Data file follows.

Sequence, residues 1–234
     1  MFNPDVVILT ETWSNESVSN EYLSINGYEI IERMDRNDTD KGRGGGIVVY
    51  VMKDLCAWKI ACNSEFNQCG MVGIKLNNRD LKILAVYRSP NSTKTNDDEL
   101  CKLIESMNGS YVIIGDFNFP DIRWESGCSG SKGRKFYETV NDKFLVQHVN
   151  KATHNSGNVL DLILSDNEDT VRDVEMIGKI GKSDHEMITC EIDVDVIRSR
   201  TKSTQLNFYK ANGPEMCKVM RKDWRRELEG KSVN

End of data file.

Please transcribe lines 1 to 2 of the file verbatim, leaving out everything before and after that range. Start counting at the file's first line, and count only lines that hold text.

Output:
Sequence, residues 1–234
     1  MFNPDVVILT ETWSNESVSN EYLSINGYEI IERMDRNDTD KGRGGGIVVY